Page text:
What, then, was the secret of the Callas voice? First, it had a quite distinctive timbre, which meant that anyone with a normal ear could recognise it at once. This is very rare. Most singers have what John Steane calls 'central' voices, voices which don't immediately suggest a name. Examples are Tebaldi and Ghiaurov. Callas was like Christoff and Gobbi: her voice was unmistakable when heard, either on its own, or in ensembles. It was also clearly defined. Some voices smother you; Callas's stabbed you. Hers was not a sumptuous, spreading, voice, like Leontyne Price's; but flexible and precise.
Secondly, Callas had an ability, unique among sopranos of her day, to 'act with her voice', that is, to use it to express a large range of emotions. Here we move from a physical gift to the use to which Callas put it. Though she could sing beautifully, she did not have a beautiful voice, in the sense of producing pure, smooth, even, tone. But if one regards the operatic voice as an instrument for expressing feeling, then beautiful singing is not always needed; it may fatally restrict a singer's emotional range. I think we need to distinguish between two things: the ability to produce different tone colours for different purposes (even 'unbeautiful' ones), and the emission of unpleasant sounds arising from physical or technical deficiencies. When talking of Callas's voice, people often confuse the two. It seems with Callas, as Desmond Shawe-Taylor pointed out in the Sunday Times, that certain technical problems were never ironed out and, in fact, grew worse. Not even the Callas worshipper, one imagines, worshipped her for her wobbles or shrieks. On the other hand, her ability to change her voice, even to sing unbeautifully when needed — as in the Sleepwalking Scene from Macbeth — were part of her greatness.
Thirdly, Callas had a supreme ability to shape the music she was singing. Her singing was always going somewhere; you never got lost. This capacity derived from a number of qualities: a very strong sense Of rhythm (which is why her cabalettas and strettas were so exciting; but it applied equally to long drawn-out melodies like 'Caste Diva'); an instinctive feeling for proportion; a mastery of the recitative and the declamatory passage; great agility and precision in runs; and a sure ability to seize and isolate the dramatic or expressive moment.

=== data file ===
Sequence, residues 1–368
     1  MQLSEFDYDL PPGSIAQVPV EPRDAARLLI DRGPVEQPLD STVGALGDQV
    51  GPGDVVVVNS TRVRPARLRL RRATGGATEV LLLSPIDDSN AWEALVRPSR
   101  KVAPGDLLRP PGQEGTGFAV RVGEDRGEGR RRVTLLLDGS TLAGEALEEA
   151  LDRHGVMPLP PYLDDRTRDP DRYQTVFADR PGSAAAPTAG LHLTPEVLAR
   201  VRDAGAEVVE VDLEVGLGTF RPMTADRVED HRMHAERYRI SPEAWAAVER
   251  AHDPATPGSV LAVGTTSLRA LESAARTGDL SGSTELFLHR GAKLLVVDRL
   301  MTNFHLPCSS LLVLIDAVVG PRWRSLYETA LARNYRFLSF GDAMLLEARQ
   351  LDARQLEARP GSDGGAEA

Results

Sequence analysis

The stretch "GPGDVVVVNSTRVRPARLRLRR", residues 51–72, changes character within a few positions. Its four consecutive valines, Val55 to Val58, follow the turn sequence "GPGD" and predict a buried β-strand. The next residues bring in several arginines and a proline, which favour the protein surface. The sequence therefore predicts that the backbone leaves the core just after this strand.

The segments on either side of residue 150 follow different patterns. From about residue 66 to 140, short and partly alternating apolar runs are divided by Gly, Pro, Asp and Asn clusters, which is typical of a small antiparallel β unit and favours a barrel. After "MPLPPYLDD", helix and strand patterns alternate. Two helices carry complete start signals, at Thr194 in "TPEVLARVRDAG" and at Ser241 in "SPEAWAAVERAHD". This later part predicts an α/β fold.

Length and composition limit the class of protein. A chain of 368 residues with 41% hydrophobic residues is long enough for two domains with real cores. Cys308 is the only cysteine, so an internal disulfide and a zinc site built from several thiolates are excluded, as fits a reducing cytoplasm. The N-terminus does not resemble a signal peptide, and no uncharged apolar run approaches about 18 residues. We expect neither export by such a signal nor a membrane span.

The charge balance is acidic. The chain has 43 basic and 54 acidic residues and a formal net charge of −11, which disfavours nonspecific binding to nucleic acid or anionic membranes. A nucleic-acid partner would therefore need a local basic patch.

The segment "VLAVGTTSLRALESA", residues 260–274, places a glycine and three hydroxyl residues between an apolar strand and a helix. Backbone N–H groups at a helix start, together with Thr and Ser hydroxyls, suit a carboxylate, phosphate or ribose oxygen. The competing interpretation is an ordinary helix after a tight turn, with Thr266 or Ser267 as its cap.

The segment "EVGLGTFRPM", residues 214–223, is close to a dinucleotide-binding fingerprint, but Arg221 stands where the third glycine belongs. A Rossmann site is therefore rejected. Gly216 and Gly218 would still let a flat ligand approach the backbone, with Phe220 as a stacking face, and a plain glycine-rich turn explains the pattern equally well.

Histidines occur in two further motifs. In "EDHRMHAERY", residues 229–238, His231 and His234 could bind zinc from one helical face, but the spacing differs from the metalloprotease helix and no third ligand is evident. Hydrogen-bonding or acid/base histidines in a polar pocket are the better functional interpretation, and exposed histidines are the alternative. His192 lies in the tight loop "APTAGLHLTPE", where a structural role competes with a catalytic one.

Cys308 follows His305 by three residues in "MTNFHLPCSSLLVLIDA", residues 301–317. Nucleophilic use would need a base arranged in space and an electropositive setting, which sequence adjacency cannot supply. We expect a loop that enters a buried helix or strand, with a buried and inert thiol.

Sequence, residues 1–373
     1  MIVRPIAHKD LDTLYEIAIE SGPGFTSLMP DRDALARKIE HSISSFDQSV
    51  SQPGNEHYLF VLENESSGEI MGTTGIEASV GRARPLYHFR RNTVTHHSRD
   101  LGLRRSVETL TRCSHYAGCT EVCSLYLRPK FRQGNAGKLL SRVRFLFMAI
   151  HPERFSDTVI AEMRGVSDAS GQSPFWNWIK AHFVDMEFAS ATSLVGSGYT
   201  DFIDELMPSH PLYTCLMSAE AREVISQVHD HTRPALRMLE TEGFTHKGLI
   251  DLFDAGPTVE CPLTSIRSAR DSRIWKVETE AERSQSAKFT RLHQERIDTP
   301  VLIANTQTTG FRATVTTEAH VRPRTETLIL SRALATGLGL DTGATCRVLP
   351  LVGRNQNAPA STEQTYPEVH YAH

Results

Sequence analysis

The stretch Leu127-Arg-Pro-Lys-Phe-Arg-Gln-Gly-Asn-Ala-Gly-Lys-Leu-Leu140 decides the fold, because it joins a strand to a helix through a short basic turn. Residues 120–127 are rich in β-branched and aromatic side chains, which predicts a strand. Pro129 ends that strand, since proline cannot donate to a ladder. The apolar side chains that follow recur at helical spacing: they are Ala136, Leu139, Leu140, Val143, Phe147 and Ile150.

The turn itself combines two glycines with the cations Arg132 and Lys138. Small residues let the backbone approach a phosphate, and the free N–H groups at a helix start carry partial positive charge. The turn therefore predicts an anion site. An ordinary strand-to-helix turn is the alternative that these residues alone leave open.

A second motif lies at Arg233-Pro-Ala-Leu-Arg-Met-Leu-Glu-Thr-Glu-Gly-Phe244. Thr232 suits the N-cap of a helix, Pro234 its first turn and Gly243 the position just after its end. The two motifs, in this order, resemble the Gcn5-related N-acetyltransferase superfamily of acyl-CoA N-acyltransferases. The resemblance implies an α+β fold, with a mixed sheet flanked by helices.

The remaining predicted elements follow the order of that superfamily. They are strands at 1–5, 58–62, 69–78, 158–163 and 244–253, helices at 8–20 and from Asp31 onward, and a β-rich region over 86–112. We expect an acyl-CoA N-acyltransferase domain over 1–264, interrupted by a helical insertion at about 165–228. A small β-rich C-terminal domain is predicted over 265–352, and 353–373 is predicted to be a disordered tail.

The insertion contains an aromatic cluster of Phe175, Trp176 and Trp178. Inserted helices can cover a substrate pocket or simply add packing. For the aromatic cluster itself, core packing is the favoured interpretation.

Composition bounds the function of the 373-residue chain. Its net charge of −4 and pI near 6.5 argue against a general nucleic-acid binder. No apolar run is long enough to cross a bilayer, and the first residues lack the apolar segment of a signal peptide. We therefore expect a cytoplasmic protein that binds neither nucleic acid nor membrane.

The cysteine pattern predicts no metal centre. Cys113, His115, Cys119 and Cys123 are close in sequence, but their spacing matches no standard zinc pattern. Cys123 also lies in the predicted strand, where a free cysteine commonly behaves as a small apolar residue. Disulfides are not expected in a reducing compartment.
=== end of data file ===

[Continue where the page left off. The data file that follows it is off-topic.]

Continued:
When one talks of Callas's voice one must remember that it was not the same voice at the beginning as at the end of her career. At the start it was dark, very powerful, rather wild, and with an enormous range. The power of Wieni t'affretta' from Macbeth, preserved on record from a 1950 concert, is astounding; as is the range of `Vieni al ternpio' from Puritani recorded a year earlier. From the weight loss of 1953-4, the voice emerged lighter in tone, reduced in volume, and with a shriller and less steady top. However, it seems right to regard the years 1953-9 as Callas's best years: the loss in vocal power was balanced by greater expressiveness, while it was in this period that Callas appeared in marvellous productions by Visconti and Zeffirelli, and worked with conductors like Serafin, Karajan and Bernstein. (Privately-made recordings give a good idea of the effect of Callas's stage performances in this period.) The lavish productions continued into the 'sixties, but the voice grew steadily smaller and weaker, though gaining, in her last stage performance, a kind of fragile beauty it had never achieved before. In the last concerts of 1973-4 it had become unbearably tiny and unsteady. Why did it shrink so rapidly? I suppose it was a combination of technical faults never overcome, physical weakness, and simply trying to do too much with it: a wobble is a sure sign of a voice being forced beyond its natural limits. Its premature decease was the price paid for the years of glory.